The boards redeliberated but could not reach consensus on certain key issues with respect to the joint leasing project.
On March 18 and 19, 2014, the FASB and IASB (the boards) re-deliberated aspects of the joint leasing project, including the lessee and lessor accounting models, lease term, and exemptions and simplifications. The boards voted on a number of items but were unable to reach consensus on certain key issues.
Lessee accounting model
The boards agree that lessees would need to reflect all leases, other than those eligible for exemption, as a right-of-use asset (reflecting the control conveyed over the asset acquired during the lease term) and a liability (reflecting the obligation to pay rent) on the balance sheet.
The boards could not come to agreement, however, on the income statement impact. The FASB members support a dual model, with income statement treatment determined in a manner similar to current leasing literature, but without the bright lines. Under this approach, most existing capital leases would be accounted for in a fashion similar to current GAAP (Type A leases). Amortization of the right-of-use asset would be recognized separate from interest on the lease liability. This would produce a front-loaded expense recognition pattern characteristic of financed purchases. Most operating leases under current GAAP would be recorded on the balance sheet, but would retain a straight-line expense recognition pattern (Type B leases). Expense would be recognized in a single line in the income statement.
The IASB members, on the other hand, support the Type A approach for most leases, resulting in a financial reporting model similar to finance leases today. Their reasoning is based on their belief in the conceptual merit of this approach and that all leases contain an inherent financing element.
Lessor accounting model
For lessors, the IASB members support a model that produces a result similar to current leasing literature, i.e., the need to determine if a lease is effectively a financing/sale (Type A) or not. A lessor would determine the lease classification by assessing if the lease transfers substantially all of the risks and rewards of ownership incidental to the underlying leased asset, and would recognize profit similar to the principle in current literature (IAS 17 Leases).
The FASB members support a similar model, except that for Type A leases, they would permit a lessor to recognize a sale at lease commencement only if control of the underlying asset was transferred to the lessee. This model would look to the concept of control as established in the forthcoming revenue recognition standard.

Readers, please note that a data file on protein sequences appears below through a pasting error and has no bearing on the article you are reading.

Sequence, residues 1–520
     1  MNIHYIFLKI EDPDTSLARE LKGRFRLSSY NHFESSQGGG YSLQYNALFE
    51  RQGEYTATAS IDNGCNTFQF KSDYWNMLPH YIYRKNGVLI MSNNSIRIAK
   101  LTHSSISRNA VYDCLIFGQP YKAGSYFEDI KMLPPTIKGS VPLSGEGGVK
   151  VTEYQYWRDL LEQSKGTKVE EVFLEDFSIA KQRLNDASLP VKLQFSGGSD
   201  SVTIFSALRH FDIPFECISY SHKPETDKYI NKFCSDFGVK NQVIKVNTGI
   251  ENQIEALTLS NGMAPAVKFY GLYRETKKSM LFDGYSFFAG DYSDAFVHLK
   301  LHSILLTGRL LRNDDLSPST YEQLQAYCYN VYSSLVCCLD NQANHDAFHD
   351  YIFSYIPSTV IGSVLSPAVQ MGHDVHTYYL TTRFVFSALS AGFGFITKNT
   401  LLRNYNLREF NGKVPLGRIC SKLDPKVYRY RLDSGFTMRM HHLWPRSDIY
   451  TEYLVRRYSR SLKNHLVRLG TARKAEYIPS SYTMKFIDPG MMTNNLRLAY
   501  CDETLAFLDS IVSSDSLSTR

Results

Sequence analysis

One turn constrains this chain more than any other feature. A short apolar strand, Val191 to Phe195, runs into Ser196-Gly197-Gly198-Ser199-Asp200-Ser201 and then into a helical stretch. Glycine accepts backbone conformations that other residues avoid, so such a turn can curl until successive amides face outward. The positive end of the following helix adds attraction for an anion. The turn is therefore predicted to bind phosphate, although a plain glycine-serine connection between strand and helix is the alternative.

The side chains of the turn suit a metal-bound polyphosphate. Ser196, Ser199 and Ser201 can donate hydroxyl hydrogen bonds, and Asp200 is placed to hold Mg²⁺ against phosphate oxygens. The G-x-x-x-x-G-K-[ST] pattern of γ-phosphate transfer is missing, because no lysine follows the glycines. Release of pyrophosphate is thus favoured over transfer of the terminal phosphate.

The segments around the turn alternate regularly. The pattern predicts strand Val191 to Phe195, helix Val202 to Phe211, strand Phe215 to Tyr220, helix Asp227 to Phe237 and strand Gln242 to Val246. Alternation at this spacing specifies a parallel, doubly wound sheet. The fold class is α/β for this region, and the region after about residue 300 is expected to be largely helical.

The boards agreed that both a lessee and a lessor would include extension options in the lease term if a lessee had a significant economic incentive to exercise such options. “Significant economic incentive” is meant to be a high hurdle consistent with the concept of “reasonably certain” under current IFRS.
The boards also agreed that a lessee would reassess the lease term only upon the occurrence of triggering events (significant events or changes in circumstances) that were under the lessee’s control. A lessor would not reassess the lease term.
Exemptions and simplifications
The boards affirmed that there would be an exemption for short-term leases, which would be accounted for in the same manner as today’s operating leases. “Short-term” would mean 12 months or less, using the same definition of the term as used elsewhere in the standard.
Also discussed was the IASB’s support for explicitly permitting lessees and lessors to apply the lease guidance at a portfolio level. While the FASB did not want such guidance in the main standard, they indicated that they would consider a reference in the basis for conclusions.
Although the IASB supported a recognition and measurement exemption for small assets, the FASB asked its staff to do more research on the magnitude of leases of small ticket items to get a sense of the possible impact. The boards were in agreement that there should not be specific materiality guidance as to what would qualify as a “small ticket” lease.
The proposed lease accounting guidance will affect almost every company and for some, the proposed changes may be significant. Metrics such as EBITDA, net income and operating cash flows will be affected. These in turn will likely affect loan covenants, credit ratings, and other external measures of financial strength. Lessees will need to consider business process changes in multiple areas, including finance and accounting, IT, procurement, tax, treasury, legal, operations, corporate real estate and HR.
Deliberations are expected to continue in the coming months. It is not clear how the boards will resolve their differences or how their current lack of consensus will impact the timing of a final standard.
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